While residential real estate values continue to soar in the Tri-Cities, the price squeeze is also being felt in the industrial and commercial markets, according to figures released last week by BC Assessment.
In Coquitlam, for example, where the average residential unit increased in value by 8.8% between July 1, 2016 and July 1, 2017, commercial property prices jumped 24.8% and light industrial rose 18.7% during the same time period.
The results are similar in the rest of the Tri-Cities, the data shows. Port Coquitlam, which had an 11.4% rise in residential values, saw a 19.4% increase for light industrial and 15.7% in commercial. During the same time period, Port Moody, which had an 8.9% increase in average residential land values, saw increases of 19% in light industrial and 23.9% in commercial.
The rise in commercial and industrial land values is tied to the limited supply for those property categories in the Lower Mainland, said Paul Borgo, the acting assessor with BC Assessment.
“It is difficult when you are surrounded by water, mountains and a border,” he said. “That’s supply and demand. The market is strong for that product.”
David Munro, Coquitlam’s manager of economic development, told The Tri-City News that industrial property in the Tri-Cities is increasingly in short supply and he expects the upward price pressures to continue for non-residential land.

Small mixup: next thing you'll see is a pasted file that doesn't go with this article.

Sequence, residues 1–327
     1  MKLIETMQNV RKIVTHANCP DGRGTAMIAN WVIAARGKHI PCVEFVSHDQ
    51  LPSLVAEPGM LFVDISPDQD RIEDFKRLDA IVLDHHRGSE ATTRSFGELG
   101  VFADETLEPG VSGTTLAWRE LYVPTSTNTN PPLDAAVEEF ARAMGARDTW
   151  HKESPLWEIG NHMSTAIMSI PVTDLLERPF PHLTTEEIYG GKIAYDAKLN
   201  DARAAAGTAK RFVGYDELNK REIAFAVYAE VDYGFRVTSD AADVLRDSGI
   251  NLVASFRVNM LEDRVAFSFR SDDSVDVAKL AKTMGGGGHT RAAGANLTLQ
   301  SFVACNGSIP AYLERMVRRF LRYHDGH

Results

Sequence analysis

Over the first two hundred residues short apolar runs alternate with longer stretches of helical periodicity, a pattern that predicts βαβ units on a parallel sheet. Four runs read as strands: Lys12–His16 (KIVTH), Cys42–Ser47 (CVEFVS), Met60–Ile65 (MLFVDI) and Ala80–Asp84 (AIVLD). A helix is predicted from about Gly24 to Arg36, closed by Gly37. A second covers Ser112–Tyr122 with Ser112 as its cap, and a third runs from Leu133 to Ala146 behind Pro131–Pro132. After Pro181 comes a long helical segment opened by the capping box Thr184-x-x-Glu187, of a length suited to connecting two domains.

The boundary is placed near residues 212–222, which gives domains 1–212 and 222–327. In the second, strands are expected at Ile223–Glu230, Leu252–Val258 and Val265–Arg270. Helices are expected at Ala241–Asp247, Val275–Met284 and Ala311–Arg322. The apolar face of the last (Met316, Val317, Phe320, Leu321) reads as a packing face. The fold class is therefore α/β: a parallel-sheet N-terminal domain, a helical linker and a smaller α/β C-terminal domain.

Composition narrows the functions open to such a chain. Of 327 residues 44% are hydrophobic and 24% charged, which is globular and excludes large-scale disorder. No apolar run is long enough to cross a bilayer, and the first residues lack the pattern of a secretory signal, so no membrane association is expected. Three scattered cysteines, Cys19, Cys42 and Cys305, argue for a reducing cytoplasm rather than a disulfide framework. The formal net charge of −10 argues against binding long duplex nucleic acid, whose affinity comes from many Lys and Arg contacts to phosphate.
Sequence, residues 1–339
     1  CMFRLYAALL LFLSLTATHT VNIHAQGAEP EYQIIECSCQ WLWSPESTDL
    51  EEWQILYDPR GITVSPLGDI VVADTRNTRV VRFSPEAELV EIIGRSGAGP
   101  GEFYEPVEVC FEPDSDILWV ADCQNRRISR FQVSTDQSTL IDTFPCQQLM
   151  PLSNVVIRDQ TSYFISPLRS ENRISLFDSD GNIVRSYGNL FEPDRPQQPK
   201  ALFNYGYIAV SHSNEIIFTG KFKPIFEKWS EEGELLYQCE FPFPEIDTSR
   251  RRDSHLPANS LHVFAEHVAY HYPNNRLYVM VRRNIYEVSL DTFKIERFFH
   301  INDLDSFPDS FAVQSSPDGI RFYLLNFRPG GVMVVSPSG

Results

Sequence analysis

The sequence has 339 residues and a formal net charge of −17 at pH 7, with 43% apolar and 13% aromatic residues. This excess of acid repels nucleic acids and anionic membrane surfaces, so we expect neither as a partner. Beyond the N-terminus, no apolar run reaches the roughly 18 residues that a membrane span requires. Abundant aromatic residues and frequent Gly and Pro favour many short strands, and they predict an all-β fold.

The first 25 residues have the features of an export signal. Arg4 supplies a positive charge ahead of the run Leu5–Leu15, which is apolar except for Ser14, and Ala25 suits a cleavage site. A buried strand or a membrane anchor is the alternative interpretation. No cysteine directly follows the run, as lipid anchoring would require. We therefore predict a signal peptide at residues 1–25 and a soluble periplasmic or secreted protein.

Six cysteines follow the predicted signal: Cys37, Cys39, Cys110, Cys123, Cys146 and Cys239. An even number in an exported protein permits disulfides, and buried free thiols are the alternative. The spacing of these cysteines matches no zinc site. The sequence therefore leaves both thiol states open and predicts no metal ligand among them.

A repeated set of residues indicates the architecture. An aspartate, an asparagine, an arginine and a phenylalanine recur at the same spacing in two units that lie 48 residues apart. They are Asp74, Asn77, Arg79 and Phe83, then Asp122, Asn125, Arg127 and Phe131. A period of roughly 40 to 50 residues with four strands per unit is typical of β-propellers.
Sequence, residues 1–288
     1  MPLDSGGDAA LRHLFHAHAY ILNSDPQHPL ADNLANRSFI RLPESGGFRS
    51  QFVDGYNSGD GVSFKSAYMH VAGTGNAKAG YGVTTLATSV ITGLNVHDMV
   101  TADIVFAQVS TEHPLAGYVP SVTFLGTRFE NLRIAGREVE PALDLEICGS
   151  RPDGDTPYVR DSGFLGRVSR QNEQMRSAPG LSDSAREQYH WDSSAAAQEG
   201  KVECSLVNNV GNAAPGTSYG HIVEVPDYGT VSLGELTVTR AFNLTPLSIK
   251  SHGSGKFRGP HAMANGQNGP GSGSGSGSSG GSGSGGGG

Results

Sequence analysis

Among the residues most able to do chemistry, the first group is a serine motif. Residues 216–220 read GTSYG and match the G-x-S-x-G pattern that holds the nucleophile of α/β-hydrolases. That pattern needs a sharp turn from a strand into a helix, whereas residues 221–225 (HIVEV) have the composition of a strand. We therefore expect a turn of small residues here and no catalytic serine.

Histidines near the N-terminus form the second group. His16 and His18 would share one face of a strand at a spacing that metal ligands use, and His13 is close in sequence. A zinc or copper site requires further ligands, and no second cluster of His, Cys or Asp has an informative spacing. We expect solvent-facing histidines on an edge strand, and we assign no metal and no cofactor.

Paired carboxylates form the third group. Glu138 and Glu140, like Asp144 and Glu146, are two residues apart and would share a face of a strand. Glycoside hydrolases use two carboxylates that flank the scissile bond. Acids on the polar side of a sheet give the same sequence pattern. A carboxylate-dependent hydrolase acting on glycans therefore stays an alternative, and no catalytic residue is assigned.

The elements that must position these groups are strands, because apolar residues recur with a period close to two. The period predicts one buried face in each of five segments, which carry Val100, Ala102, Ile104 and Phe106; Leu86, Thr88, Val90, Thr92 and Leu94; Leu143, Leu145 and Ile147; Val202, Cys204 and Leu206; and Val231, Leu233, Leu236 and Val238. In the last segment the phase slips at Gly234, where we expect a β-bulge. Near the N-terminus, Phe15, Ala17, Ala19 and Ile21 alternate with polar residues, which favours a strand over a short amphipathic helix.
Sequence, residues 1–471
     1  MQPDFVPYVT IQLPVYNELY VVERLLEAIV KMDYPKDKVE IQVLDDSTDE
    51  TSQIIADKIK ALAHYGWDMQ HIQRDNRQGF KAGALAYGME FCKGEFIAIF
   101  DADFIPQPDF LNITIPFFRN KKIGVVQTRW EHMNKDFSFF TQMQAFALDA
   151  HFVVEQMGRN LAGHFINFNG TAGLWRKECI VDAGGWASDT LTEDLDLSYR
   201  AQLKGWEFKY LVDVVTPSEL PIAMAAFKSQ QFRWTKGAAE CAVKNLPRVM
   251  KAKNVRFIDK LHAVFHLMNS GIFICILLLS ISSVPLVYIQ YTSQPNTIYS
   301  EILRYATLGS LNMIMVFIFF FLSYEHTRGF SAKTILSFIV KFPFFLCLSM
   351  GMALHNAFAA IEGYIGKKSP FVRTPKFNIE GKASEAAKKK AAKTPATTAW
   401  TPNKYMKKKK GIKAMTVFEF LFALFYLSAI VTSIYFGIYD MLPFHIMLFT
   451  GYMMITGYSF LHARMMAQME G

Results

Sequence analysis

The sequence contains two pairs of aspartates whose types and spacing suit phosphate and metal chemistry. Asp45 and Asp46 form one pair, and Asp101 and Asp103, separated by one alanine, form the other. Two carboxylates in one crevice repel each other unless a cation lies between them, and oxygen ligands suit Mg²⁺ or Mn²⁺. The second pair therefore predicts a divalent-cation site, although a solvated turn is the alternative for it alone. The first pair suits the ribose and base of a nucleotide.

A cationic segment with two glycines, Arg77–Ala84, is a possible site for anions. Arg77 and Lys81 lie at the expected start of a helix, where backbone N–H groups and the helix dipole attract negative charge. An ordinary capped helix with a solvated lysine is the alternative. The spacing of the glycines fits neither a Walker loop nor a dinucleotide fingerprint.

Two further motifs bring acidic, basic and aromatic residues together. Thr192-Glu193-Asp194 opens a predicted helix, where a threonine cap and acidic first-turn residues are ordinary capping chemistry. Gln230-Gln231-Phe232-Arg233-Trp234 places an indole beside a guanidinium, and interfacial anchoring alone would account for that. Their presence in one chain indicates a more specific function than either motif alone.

“The levels of the increases may change but overall property values have continued to go up,” he said. “I think it will continue to go that way.”
Munro added property owners shouldn’t expect to see their taxes increase at the same rate as their land values. He said if a land owner’s assessed property value rose in line with other properties in their area, the municipal tax increase would be in line with the rest of the neighbourhood.
Currently, Metro Vancouver has a 10-year supply of industrial land, Munro said. When that is exhausted, it is likely that the region will start to see the further densification and intensification of its industrial and commercial properties, he said.
“Once some of those key areas start to fill in, which is happening, intensification of industrial land is the next step,” he said. “We are not quite there yet.”